Village Gates: Post-War Symbols of Safety

It has now been over one year with no fighting or rebel attacks in the village.  During the war years, when women and children fled the village during an attack, while menfolk remained to protect their property, we oftentimes took those fleeing into our own compound, which was guarded by a ‘hidden’ military position..

Two fleeing mothers and their infants from the village, spending the night in our compound.
Busaga health clinic , in which some inhabitants hid while rebels bombarded the clinic

During this time, in our own compound, livestock (mainly goats c. 150 head, a donkey,etc) were secured in the ‘longhouse‘ which had no openings save one door.  And although the six-sided house had glass windows, there was also an excellent safe room with a door that locked and operated like the kind of door found in some ships.

The longhouse during a storm

Goat longhouse interior - 6 large rooms.

Over several years there were a couple of shots by rebel groups that entered the house, shot through the windows,  but no serious damage.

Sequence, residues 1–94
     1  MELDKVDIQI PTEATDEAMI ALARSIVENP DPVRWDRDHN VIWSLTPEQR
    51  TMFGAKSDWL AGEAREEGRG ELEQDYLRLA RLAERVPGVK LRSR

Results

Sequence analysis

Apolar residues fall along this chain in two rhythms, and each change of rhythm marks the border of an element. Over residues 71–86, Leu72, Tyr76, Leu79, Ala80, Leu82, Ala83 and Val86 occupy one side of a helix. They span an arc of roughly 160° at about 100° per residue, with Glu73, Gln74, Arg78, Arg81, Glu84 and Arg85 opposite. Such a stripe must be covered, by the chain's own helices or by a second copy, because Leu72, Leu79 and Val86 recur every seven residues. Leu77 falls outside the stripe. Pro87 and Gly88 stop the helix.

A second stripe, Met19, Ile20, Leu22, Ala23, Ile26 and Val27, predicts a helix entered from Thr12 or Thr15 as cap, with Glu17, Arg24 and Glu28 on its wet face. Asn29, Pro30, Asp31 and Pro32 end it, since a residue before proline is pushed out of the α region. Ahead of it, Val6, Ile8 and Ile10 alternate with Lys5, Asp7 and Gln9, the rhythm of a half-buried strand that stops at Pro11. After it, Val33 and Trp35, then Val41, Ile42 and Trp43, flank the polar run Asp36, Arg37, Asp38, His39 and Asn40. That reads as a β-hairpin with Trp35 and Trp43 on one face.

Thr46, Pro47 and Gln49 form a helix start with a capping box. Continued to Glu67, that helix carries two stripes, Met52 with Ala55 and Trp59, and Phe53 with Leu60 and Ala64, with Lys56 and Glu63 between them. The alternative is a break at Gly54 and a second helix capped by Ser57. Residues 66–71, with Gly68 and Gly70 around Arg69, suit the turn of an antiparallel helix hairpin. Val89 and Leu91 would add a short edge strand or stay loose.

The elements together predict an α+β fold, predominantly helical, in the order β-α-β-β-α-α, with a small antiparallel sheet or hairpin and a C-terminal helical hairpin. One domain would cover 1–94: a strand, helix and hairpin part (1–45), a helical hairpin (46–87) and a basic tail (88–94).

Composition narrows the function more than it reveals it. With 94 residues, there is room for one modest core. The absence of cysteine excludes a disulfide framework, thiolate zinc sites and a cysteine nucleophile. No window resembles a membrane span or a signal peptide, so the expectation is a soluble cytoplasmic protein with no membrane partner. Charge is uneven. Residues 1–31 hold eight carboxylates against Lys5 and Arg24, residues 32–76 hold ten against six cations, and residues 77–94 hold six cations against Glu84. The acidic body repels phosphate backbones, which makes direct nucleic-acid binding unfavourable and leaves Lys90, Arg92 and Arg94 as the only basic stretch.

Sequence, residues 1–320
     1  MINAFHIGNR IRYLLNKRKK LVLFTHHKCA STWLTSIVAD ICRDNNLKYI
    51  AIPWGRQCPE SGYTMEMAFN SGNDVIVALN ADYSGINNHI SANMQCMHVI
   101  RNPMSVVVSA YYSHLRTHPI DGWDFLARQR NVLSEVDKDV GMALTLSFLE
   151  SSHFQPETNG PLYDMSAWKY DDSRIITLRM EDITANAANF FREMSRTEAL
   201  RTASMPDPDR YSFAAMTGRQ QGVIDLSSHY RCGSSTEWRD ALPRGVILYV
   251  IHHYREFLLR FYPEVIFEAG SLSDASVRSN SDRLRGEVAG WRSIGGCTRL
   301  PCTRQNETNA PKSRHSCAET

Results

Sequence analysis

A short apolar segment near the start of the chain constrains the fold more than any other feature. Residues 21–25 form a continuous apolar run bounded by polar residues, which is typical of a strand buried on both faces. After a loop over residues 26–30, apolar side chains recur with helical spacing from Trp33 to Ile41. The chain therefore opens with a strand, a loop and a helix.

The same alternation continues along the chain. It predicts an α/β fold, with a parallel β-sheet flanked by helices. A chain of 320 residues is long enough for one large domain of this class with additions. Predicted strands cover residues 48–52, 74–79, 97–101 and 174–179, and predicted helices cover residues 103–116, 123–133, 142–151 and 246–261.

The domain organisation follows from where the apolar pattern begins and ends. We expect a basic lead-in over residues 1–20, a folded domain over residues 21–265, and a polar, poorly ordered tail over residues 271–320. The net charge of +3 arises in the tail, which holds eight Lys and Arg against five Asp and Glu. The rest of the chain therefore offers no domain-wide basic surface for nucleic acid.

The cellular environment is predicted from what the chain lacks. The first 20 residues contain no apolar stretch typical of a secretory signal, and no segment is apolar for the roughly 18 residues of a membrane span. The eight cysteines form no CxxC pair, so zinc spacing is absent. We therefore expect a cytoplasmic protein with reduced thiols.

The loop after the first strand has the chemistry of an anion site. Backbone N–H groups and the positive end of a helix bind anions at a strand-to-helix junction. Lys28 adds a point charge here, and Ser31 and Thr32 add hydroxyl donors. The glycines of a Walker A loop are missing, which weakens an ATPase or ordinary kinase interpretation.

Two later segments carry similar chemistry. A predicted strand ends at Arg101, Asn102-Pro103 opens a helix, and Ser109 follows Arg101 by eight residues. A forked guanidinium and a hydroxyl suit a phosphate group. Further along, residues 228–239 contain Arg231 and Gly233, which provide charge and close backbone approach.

Living Area in the Compound’s African house.

Dining area.

Now, as we enter more peaceful times, the first thought of many villagers is to protect their homes with high walls and gates – the latter, more often than not, being quite fancy.  They are, perhaps, representations of a hope for safe times but with the knowledge that peace is a very fragile ingredient in Burundi.  Below are pictures of some of these gates.

Mud brick houses in the village – for the poorest, who make the bricks themselves.


Now, however, folks with more money are either building or buying plots and building a house.  But in all cases, a fancy gate and walls are a priority:

New house, surrounded by wall and fancy gate. Owner hopes to rent it.

For security, these people have built the house into a wrap-around wall, and including, of course, a fancy gate.

About dianabuja

With a group of BaTwa (pygmy) women potters, with whom we've worked to enhance production and sales of their wonderful pots - fantastic for cooking and serving. To see the 2 blogs on this work enter 'batwa pots' into the search engine located just above this picture. Blog entries throughout this site are about Africa, as well as about the Middle East and life in general - reflecting over 35 years of work and research in Africa and the Middle East – Come and join me!
This entry was posted in Burundi, Hotel Club du Lac Tanganyika2, Humanitarian Assistance, Livestock, Living here, Longhouse, Military position, War Games and tagged , , , . Bookmark the permalink.

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